It is a tribute to the power of the Christian message that there is such a thing as African American Christian theology at all. Christianity was the religion held by slave masters -- often distorted into an ideology of oppression. But African Americans found a model of liberation in the Exodus. They discovered that Jesus more closely resembled the beaten and lynched slave than their pious oppressors. And African Americans -- by their courageous assertion of God's universal love and man's universal dignity -- redeemed a nation they had entered in chains.
But black liberation theology takes this argument a large step further -- or perhaps backward. The Rev. Wright's intellectual mentor, professor James Cone of Union Theological Seminary, retreats from the universality of Christianity. "Black theology," says Cone, "refuses to accept a God who is not identified totally with the goals of the black community. If God is not for us and against white people, then he is a murderer, and we had better kill him." And again: "Black theology will accept only the love of God which participates in the destruction of the white enemy." And again: "In the New Testament, Jesus is not for all, but for the oppressed, the poor and unwanted of society, and against oppressors."
This emphasis on the structural evil of white America has natural political consequences -- encouraging a belief that American politics is defined by its crimes, a tendency to accept anti-government conspiracy theories about AIDS and drugs, a disturbing openness to anti-American dictators such as Castro and Gaddafi. It explains Wright's description of the Sept. 11 attacks as a "wake-up call" to "white America."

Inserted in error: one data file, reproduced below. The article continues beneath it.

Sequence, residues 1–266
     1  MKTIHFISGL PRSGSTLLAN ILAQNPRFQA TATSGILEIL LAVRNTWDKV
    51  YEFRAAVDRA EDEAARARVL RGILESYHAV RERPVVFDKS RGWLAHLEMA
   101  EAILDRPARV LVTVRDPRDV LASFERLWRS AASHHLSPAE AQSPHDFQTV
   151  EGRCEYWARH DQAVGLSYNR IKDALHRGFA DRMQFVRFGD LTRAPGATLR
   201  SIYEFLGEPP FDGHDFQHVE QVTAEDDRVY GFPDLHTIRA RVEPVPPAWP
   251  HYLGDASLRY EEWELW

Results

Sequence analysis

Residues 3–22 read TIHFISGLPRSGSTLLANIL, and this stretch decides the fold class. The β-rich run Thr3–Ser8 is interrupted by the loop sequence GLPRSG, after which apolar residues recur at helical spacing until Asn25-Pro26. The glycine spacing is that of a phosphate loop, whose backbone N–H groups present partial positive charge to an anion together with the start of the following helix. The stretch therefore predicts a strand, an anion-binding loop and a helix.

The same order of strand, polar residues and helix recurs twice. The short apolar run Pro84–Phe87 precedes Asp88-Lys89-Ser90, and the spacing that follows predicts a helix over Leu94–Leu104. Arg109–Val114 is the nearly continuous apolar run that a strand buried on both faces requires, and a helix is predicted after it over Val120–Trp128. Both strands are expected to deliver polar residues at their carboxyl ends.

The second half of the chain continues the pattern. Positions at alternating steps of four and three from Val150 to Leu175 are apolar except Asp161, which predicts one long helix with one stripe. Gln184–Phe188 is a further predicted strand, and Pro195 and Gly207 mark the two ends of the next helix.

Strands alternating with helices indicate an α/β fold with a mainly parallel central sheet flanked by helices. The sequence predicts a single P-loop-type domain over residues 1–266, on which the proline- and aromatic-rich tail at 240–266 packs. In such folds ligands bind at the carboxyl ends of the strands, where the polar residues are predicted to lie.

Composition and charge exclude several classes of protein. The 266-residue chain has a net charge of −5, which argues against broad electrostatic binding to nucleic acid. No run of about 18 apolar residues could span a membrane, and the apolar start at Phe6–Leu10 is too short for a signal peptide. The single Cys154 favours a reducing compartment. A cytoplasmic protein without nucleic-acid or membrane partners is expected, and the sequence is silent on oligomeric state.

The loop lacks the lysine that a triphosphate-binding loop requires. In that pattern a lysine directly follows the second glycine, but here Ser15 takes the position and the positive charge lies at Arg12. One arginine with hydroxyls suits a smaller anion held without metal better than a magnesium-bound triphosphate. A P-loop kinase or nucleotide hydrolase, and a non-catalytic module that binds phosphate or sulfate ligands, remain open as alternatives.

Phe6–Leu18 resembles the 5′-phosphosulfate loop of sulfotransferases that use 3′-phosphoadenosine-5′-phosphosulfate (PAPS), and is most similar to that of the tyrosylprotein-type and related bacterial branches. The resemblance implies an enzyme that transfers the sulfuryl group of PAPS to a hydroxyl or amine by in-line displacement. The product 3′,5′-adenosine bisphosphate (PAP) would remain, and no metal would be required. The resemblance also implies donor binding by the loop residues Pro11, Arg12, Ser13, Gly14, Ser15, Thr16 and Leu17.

But the deepest flaws in black liberation theology are theological, not political. Jesus did advocate a special concern for the rights and welfare of the poor and helpless. But he specifically rejected a faith defined by social and political struggle, much to the disappointment of his more zealous followers. The early church, in its wrenching decision to include gentiles as equals, explicitly rejected a community defined by ethnicity. No Christian theology that asserts "Jesus is not for all" can be biblical.
Friday, May 02, 2008
Gerson: A Jesus for All People
On the subject of race relations and in light of the the Rev. Jeremiah Wright-Barack Obama feud, I like what Washington Post columnist Michael Gerson writes: